Newly discovered malware known as Backoff has been linked to numerous remote-access attacks on point-of-sale systems involving smaller merchants. An alert from the Department of Homeland Security, the Secret Service and the Financial Services Information Sharing and Analysis Center notes that Backoff is a recently discovered family of POS malware that has now been identified in at least three separate forensic investigations.
The alert goes on to say that Backoff has so far been linked by law enforcement to the compromise of hundreds of merchant POS networks, but many more have likely been infected and are presently unaware of this malware lurking on their system. Small businesses are most often targeted by remote-access attacks because they typically have the weakest network security protections. Chris Hague of Trustwave, who first identified and named Backoff, says "In the cases we've reviewed, poor passwords with remote access were to blame. Many companies use remote access, and if you're not using two-factor authentication, it makes it easy for hackers to brute-force those passwords."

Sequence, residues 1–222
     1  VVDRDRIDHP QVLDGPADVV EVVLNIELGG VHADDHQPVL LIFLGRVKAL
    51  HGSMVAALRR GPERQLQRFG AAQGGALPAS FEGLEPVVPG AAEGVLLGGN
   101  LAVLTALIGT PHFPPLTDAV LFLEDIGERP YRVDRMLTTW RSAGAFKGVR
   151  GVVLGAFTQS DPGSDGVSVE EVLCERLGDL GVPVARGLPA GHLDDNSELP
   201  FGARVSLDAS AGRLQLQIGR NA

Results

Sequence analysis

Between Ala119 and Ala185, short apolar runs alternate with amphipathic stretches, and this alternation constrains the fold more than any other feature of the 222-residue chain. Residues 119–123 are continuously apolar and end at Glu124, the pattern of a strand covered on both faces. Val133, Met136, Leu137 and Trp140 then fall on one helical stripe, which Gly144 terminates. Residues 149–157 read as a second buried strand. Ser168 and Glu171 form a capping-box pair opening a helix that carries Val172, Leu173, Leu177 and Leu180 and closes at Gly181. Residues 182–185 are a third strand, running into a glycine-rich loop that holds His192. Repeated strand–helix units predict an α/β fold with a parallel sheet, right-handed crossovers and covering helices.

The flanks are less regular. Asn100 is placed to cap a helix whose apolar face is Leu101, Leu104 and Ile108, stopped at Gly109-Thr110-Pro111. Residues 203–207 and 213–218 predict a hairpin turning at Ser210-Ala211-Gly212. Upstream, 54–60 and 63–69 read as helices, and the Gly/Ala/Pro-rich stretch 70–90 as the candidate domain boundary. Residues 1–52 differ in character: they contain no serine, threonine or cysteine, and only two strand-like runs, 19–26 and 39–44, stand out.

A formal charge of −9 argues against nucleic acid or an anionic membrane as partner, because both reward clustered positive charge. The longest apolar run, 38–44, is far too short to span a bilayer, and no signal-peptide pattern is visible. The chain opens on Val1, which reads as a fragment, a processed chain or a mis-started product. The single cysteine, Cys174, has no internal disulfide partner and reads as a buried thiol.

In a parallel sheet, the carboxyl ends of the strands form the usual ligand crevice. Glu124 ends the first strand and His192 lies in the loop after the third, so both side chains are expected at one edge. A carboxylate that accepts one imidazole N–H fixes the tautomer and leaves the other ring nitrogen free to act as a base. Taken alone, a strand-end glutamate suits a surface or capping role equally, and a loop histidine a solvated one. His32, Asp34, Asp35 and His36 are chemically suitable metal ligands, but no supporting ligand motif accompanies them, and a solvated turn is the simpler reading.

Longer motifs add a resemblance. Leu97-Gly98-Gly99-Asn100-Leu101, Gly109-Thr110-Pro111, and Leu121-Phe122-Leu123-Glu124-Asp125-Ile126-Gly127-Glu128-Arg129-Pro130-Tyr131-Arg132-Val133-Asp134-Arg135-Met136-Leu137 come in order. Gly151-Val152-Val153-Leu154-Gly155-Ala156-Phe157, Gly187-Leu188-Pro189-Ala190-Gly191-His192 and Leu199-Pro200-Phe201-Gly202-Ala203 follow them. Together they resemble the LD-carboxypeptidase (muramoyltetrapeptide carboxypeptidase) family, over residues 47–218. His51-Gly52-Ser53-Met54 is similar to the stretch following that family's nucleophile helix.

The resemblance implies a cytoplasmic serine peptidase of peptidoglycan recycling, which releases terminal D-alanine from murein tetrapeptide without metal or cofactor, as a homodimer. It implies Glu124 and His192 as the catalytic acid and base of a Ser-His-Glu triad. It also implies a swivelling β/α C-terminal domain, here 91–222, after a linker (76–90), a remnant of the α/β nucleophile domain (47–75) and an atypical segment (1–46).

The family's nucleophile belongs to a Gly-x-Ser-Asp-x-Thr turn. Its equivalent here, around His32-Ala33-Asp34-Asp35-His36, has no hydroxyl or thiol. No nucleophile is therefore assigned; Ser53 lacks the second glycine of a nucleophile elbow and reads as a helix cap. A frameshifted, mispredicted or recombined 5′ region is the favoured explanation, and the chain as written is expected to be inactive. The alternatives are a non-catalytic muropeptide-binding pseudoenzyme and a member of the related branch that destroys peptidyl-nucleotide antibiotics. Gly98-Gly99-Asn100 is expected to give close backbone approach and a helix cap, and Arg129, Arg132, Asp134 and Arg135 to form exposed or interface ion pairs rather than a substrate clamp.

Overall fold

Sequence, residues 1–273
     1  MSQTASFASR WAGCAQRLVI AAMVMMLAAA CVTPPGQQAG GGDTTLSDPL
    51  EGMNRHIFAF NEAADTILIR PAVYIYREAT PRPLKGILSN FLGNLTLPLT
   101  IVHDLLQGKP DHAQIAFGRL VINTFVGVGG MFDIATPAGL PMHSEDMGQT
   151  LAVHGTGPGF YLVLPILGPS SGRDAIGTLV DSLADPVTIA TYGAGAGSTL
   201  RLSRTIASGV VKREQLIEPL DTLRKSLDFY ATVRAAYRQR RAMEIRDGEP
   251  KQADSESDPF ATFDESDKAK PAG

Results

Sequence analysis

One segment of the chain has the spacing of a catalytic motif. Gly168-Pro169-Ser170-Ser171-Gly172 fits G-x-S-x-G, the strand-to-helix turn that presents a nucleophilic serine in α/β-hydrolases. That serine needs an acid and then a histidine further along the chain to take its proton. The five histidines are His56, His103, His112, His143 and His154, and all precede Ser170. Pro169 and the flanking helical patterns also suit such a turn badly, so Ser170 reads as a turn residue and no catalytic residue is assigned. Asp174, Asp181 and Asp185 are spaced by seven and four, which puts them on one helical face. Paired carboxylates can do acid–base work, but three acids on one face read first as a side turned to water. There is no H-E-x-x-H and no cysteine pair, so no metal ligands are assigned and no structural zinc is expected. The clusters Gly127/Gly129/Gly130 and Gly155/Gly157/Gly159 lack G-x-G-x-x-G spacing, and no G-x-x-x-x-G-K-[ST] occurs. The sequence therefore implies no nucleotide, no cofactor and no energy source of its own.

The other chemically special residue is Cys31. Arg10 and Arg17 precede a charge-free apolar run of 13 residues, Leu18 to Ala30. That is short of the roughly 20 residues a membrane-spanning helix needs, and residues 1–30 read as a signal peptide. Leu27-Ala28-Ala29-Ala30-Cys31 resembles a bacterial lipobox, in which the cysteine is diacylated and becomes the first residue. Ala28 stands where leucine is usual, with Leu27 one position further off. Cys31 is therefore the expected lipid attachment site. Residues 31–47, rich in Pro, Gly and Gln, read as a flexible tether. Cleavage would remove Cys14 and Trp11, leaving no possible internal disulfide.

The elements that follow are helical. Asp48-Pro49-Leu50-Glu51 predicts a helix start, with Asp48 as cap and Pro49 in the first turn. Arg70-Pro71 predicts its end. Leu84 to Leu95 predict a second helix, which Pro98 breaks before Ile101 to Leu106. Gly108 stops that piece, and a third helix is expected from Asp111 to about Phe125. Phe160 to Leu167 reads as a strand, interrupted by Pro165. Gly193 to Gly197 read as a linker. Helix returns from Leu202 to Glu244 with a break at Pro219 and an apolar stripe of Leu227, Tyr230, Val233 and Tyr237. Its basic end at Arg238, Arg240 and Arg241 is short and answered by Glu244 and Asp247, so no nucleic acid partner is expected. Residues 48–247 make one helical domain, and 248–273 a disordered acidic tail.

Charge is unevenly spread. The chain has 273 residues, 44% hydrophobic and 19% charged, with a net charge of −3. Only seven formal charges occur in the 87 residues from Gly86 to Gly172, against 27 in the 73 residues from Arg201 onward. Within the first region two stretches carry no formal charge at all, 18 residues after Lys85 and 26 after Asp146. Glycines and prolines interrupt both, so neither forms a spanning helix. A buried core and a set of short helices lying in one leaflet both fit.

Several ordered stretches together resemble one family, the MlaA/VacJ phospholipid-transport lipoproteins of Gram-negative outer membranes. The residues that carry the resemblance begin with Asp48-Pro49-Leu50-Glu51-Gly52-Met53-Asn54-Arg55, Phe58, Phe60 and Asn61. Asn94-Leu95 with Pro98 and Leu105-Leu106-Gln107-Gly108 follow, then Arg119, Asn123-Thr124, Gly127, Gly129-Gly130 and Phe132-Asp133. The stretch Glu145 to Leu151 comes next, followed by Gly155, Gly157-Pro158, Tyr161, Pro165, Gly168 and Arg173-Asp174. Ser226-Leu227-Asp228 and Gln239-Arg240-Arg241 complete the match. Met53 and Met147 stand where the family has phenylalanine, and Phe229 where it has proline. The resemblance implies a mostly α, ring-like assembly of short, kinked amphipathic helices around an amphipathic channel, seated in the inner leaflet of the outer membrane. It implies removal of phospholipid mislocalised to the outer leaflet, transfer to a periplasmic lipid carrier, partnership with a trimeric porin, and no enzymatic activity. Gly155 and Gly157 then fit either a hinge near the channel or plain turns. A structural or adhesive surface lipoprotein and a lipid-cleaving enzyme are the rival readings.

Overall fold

The typical Backoff attack involves exploitation of remote-access vulnerabilities such as weak passwords. With compromised remote-access credentials, attackers then infiltrate the point-of-sale system through a remote portal where they then install Backoff. This malware gathers cardholder and other transactional data and then initiates a process to withdraw the data back to the originating hacker. According to the Department of Homeland Security, some of the most vulnerable applications to this form of compromise include Apple Remote Desktop, Chrome Remote Desktop, Join.me, LogMeIn, and Microsoft Remote Desktop.
To mitigate risks posed by these threats, security experts recommend you take the following steps. Consult with your IT professional for needed assistance in any or all of these.
- Configure account lockout settings to lock users accounts after a specific limited number of failed login attempts.
- Limit the number of users who can log in remotely to only essential personnel
- Change default remote desktop listening ports
- Require 2-factor authentication for all remote desktop access
- Review network firewall configurations to insure that only permitted ports, services and IP addresses are communicating with the network.
- Segregate payment processing networks from other networks.
- Implement data leakage detection and prevention tools
- Log events and monitor logs on a daily basis and review frequently
- Ensure that automatic updates from 3rd parties are validated.
- Add an extra layer of authentication and/or encryption, contact your IT professional for assistance in setting this up.
It is essential that you take steps to protect your information, and that of your customers.